Google Buzz, the addition to Google Mail that lets users share thoughts, links, photos and more with their friends, is off to a big start: hitting 9 million posts and comments before the end of its third day. That comes out to 160,000 posts and comments an hour -- what Mashable (the blog world's social media Bible) calls a "staggering, staggering number."
But will it catch on? Does the world need another news-sharing device?
To be honest, my first instinct was skepticism. After all, I already have places to share my favorite links: Twitter, Facebook, emails, Gchat away messages and conversations. Why did I need another platform? Of course, that was a common reaction to Google chat as well. Most Gmail users at the time were already using instant message services like AIM. They didn't "need" another IM program. But the simple genius of Gchat was its location. The email window turned out to be the logical place to have real-time conversations because it was already a window dedicated to keeping in touch with friends and colleagues. And Gchat took off.
The simple genius of Google Buzz (if you're already a Gmail user) is also its location, directly under your inbox icon. This just makes sense. When users sign into Gmail they see two numbers in the top left corner: first, the number of unread emails, and second, the number of unread Buzz items. One number for the things other people want you to do, and one number for the things other people want you to read.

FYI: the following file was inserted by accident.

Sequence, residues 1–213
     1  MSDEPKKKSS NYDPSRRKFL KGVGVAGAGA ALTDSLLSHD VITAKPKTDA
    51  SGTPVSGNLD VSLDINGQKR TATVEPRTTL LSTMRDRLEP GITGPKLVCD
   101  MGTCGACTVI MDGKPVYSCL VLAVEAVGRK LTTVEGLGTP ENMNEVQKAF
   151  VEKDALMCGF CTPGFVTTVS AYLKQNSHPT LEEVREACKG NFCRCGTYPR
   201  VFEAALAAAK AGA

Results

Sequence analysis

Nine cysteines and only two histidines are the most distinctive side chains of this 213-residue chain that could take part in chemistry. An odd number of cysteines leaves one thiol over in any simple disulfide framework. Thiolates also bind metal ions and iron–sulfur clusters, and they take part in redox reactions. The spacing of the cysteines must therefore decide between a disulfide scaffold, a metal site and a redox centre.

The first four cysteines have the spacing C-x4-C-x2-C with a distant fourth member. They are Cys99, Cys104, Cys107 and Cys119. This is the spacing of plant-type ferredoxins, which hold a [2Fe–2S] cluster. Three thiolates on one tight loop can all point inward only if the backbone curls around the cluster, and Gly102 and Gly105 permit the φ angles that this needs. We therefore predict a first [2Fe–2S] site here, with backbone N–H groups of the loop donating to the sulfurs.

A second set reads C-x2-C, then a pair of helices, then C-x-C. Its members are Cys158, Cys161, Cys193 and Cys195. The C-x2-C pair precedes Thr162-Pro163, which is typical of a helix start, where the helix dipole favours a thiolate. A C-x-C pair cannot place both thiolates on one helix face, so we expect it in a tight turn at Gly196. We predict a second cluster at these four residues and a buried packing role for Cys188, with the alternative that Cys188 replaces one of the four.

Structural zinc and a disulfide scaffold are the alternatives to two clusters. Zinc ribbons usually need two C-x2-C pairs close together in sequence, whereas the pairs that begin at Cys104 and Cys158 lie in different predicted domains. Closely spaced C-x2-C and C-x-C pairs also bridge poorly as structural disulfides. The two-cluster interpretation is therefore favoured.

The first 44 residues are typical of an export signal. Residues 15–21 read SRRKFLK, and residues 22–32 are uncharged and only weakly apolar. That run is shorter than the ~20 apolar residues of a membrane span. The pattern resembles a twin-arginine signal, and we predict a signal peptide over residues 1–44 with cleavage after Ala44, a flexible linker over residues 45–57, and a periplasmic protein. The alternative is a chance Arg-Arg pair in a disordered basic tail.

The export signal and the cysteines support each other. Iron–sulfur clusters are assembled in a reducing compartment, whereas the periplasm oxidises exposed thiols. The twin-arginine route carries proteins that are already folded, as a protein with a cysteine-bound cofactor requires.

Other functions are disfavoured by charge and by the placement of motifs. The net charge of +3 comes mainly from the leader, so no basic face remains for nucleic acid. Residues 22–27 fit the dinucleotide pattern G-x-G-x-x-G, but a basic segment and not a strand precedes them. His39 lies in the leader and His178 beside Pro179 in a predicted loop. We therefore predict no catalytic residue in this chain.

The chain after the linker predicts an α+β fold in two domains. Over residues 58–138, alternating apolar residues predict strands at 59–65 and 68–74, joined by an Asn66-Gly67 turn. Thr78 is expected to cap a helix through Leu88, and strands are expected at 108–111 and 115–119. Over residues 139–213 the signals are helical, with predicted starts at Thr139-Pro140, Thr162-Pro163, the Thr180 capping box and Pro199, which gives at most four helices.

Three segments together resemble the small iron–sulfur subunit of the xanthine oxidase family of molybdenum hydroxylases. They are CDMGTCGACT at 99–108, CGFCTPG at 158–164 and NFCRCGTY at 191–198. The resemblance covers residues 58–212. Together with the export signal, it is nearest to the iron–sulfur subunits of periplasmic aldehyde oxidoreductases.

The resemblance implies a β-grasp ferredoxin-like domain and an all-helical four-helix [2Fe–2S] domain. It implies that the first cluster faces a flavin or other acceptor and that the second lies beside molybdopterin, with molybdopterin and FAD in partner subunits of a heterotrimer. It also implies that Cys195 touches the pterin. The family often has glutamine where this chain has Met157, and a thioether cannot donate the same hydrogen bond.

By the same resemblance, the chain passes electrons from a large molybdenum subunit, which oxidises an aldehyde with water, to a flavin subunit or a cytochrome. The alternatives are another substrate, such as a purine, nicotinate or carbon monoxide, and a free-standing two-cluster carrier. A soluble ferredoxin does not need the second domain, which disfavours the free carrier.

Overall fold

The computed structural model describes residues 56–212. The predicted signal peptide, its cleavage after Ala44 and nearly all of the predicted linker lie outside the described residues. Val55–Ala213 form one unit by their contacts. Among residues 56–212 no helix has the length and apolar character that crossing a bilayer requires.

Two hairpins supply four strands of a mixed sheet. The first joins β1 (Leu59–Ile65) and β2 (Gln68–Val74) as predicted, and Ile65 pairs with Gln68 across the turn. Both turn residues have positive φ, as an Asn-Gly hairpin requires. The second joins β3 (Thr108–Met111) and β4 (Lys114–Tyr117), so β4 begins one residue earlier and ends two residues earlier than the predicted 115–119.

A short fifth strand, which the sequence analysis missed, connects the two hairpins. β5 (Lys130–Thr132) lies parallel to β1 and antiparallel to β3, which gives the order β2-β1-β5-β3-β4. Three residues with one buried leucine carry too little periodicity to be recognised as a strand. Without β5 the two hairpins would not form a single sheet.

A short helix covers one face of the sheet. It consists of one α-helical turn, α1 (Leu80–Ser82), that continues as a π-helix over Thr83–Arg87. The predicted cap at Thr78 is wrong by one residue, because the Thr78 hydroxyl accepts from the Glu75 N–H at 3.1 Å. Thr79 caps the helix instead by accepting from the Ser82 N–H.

Much of the commentary on Buzz has focused on whether it "kills" Twitter or Facebook. I'm not ready to give the emperor's thumb down to either of those behemoths, but certainly Twitter has more to worry about. Facebook for me is still a pulsating yearbook first, photo album second and news sharer third. Twitter is a news sharer exclusively, and it's seen healthier days. Homepage traffic has flat-lined recently, and it's conceivable that -- given the now-famous statistic that more than half of Twitter registers have never tweeted -- we've entered a period of decelerated excitement about the product. Buzz, which can import Twitter feeds (along with Flickr and Google Reader), debuts with an audience of 150 million and growing. What's more, it's an audience that is sticking around, since I'm inclined to agree with Farhad Manjoo that it's the best mail service on the planet.
But eyes on the prize: What does this mean for advertising, which drives more than 90 percent of Google revenue? It's wise to think about Buzz in the framework of Google's ad strategy, which emphasizes the growing mobile market. Fundamentally, Buzz gives Google's ad robots a better sense of what you're reading, what you're interested in, and accordingly, what you'll buy. Justin from Mobile Marketing Watch has some interesting ideas:
In its demonstration of Buzz on Tuesday's unveiling, Google showcased so-called conversation "balloons" appearing on a smartphone's Google Maps screen. This location-based "buzz" lets a user's followers know where they are and what they're doing at all times, integrated heavily with Google maps. Imagine, if you will, an ad for a restaurant or a small boutique shop also popping up somewhere, either in the balloon or on the Maps screen itself, or perhaps a survey request from a nearby coffee shop, with the promise of a 10 percent discount on a latte if you fill in the form.